Film Openings

Week of June 5, 2002

Bad Company. Joel Schumacher. To chide Bad Company for making no sense is too redundant; producer Jerry Bruckheimer's films are the cinematic equivalent of a novel with every other page ripped out. Its story doesn't even sound like a real movie, but something tossed around in a movie about the ludicrousness of the movie business. Chris Rock plays a CIA agent gone undercover as an antiques dealer who also buys nuclear weapons. When Rock is killed by rival buyers, CIA agent Anthony Hopkins recruits Rock's streetwise, ticket-scalping, chess-playing twin to seal the deal -- with only a week to train. Otherwise, the world goes kablooey when terrorists get hold of the nuke and detonate it. Shot before September 11, it feels wholly irrelevant; the jokes are outdated, and some lines appear inserted after the fact, perhaps to make it more timely. There's the occasional nod to current events ("He looks Afghani, sir") but without any pretense of perspective. It smells of last-second desperation. Opens June 7 at multiple locations. (RW)

The Cherry Orchard. Michael Cacoyannis. This thoughtful and somewhat languid adaptation of Anton Chekhov's 1904 play finds its beauty in the heady performance of Charlotte Rampling as Lyubov, childlike matriarch of a fast-fading period of social polarity. Returning from a long-term Paris retreat to her Russian estate and its complex web of disparate characters, not to mention its symbolic, titular orchard, Lyubov discovers that the family coffers are dangerously low and the splendor of her youth soon may be divided for -- ew! -- a bunch of serfs. Those who loved Gosford Park will surely appreciate this swank cast -- Alan Bates as Lyubov's brother, Gaev; Michael Gough as the butler, Freers -- but this is by far a more complex and engrossing production, and if you can get past the wannabe Merchant-Ivory vibe, Chekhov's musings prove as trenchant as ever. Director Cacoyannis (known for Zorba the Greek and his adaptations of Euripides) takes his sweet time with the material, allowing each of Chekhov's points to ring its echoes before engaging the next, but those with a modicum of patience will find in these characters' foibles a timeless and unique perspective. Plays at 8 p.m. June 7-9 at Webster University. (GW)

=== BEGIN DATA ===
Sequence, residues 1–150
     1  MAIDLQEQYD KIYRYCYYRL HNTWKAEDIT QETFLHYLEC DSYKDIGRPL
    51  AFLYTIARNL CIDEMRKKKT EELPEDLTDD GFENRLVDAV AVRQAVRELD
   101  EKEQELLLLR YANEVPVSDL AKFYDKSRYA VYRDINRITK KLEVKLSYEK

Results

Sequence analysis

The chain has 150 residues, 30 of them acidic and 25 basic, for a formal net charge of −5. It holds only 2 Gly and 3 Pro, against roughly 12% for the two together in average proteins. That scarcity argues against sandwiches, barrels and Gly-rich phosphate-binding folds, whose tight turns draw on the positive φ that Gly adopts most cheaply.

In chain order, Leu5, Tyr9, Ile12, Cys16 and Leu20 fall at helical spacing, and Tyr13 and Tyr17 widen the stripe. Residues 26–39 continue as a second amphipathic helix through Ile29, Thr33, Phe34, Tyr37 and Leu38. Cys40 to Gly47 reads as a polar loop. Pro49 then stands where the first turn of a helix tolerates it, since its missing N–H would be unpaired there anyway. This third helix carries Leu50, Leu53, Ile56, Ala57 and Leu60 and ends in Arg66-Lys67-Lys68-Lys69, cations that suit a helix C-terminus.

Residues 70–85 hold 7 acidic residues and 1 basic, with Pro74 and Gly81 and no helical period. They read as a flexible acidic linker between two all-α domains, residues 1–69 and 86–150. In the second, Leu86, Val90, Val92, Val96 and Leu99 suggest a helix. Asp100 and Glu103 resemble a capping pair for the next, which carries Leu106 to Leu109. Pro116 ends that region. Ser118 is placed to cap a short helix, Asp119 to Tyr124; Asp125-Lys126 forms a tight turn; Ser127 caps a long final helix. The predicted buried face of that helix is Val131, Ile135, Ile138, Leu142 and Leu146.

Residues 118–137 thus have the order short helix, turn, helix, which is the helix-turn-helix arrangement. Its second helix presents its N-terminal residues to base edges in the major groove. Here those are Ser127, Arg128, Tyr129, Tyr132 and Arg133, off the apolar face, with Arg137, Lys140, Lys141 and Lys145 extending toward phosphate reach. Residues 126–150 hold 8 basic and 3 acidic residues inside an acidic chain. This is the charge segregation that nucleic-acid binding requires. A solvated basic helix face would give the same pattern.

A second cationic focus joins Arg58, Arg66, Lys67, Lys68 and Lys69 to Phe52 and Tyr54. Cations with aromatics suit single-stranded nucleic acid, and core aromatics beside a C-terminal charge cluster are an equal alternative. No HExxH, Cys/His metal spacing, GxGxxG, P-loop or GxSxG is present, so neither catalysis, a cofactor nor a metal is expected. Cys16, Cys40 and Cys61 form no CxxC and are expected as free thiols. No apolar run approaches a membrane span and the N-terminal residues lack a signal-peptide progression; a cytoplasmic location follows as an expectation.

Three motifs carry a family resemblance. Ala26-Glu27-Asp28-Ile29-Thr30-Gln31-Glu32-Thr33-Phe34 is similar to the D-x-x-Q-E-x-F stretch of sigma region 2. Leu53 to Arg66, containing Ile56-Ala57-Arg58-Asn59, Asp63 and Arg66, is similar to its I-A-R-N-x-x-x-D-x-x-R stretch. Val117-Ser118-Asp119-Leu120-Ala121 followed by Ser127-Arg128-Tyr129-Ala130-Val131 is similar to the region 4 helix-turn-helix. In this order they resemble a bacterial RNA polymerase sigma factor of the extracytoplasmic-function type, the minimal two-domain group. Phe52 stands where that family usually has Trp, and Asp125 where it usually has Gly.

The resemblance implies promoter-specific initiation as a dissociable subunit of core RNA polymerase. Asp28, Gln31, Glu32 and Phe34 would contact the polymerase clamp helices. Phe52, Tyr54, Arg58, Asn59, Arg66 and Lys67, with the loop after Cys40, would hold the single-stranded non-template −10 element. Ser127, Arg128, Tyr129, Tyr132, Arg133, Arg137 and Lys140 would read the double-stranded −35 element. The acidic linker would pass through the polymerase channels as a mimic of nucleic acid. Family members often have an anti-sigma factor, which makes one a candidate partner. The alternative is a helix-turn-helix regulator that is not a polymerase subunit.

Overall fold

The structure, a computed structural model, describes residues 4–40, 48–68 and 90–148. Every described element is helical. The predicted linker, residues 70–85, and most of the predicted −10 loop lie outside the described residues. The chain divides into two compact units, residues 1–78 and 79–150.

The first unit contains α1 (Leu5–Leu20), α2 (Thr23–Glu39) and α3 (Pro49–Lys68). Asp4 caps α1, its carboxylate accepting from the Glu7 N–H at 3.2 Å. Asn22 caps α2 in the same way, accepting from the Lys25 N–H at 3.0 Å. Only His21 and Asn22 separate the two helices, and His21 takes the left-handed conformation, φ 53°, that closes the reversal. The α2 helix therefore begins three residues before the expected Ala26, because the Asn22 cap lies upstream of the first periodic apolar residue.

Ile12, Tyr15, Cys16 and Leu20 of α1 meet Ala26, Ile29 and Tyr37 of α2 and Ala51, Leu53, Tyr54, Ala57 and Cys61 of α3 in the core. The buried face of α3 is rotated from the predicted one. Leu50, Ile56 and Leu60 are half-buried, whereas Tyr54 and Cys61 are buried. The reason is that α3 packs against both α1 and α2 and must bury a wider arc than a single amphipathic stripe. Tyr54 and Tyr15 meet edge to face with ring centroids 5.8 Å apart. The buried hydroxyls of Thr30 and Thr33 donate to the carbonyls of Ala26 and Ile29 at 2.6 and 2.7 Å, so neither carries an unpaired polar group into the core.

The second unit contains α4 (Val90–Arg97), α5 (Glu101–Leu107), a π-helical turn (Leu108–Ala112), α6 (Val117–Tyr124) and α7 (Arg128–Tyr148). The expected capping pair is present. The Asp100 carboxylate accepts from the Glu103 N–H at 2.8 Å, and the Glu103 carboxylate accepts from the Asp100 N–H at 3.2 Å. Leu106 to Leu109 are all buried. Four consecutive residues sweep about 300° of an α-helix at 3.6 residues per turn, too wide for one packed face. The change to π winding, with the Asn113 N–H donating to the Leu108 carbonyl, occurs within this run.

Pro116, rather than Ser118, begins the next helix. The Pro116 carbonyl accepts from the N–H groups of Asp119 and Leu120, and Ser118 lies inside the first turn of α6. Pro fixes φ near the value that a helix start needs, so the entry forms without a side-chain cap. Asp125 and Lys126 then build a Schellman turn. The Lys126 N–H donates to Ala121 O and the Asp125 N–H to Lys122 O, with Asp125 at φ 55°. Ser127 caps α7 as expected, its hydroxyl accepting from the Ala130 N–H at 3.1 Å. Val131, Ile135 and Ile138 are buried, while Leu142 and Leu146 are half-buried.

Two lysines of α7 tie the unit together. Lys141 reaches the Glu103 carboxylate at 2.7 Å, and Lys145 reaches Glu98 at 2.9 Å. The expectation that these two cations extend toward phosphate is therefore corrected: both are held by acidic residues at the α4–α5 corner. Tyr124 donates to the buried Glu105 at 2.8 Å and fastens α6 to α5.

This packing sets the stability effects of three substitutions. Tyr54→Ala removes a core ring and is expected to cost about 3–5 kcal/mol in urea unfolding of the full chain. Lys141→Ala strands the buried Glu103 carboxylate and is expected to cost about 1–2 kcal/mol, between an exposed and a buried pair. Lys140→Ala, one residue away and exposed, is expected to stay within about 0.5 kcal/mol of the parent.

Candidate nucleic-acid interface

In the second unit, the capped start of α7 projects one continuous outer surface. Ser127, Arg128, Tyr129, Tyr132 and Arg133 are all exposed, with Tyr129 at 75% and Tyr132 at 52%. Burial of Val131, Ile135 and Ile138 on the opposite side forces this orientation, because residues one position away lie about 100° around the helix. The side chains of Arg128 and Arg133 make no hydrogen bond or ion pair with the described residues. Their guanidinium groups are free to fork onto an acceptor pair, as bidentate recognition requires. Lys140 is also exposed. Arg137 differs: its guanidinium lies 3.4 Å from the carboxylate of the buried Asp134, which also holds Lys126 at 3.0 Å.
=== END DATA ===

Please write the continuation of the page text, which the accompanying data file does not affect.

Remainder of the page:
Divine Secrets of the Ya-Ya Sisterhood. Callie Khouri. Opens June 7 at multiple locations. Reviewed this issue.

Fat Girl. Catherine Breillat. Opens June 7 at the Tivoli. Reviewed this issue.

My Big Fat Greek Wedding. Joel Zwick. Ah, marriage. How sweet it is to discover, among all the recent wedding movies (Muriel's, My Best Friend's,Polish, Monsoon, etc.) that the institution's still inspiring. Trés Greek writer and star Nia Vardalos has crafted here a worldly-wise and very funny script, the better to play opposite decidedly non-Greek trophy fiancé John Corbett. He's easygoing, while she's complicated by her seemingly endless, profoundly nationalistic -- and rather kooky -- family. Can they work it out? The film is light fantasy, but lovely and astute, full of her frumpy-to-foxy evolution and his superbly subtle comic timing. There's just enough schmaltz for the multiplex, yet everything else rings refreshingly true, especially when the gushing, old-world pride of her parents (Lainie Kazan, Michael Constantine) mixes with the brittle niceness of his folks (Fiona Reid, Bruce Gray). Amid loads of culturally specific quirks -- Windex as a cure-all; spitting on the bride for good luck -- the project engenders a universality that director Zwick, aided by composers Chris Wilson and Alexander Janko, delivers with great verve. Within this rich context, Vardalos lets us in on the dream of being "braver, prettier, or just happy." Brava! Opens June 7 at the Plaza Frontenac. (GW)

Nine Queens. Fabian Bielinsky. It begins in a convenience store, where a young man named Juan (Gastn Pauls) is trading change from the woman behind the counter. He's a novice (or so it seems) with a kind face, but prone to mistakes. He tries to double-dip and gets caught by a cop (or so it seems). But the cop is another grifter, a grizzled vet named Marcos (Ricardo Darín) who is shoplifting for kicks, and offers the kid a deal: Marcos needs a partner, and if Juan will pair up just for the day, they'll spilt the profits 50-50. Or so it seems. Before long, the two men are confronted with a "once in a million" opportunity: One of Marcos' old, estranged partners, Sandler (Óscar Núez), is ailing and in desperate need of assistance in moving the Nine Queens (valuable stamps) in the next 24 hours -- before his prospective buyer, Gandalfo (Ignasi Abadal), leaves town and discovers they're little more than forgeries. And so begins a game of cat-and-mouse, with no animal distinguishable from another. Unlike David Mamet, who likes to give a gravity to his con games that too often sinks them altogether, director Bielinsky's just taking a piss. After all, that's what these movies mean to do: manipulate you, trick you, take your money and leave you with little more than a what-the-fuh grin. Opens June 7 at the Plaza Frontenac. (RW)

 
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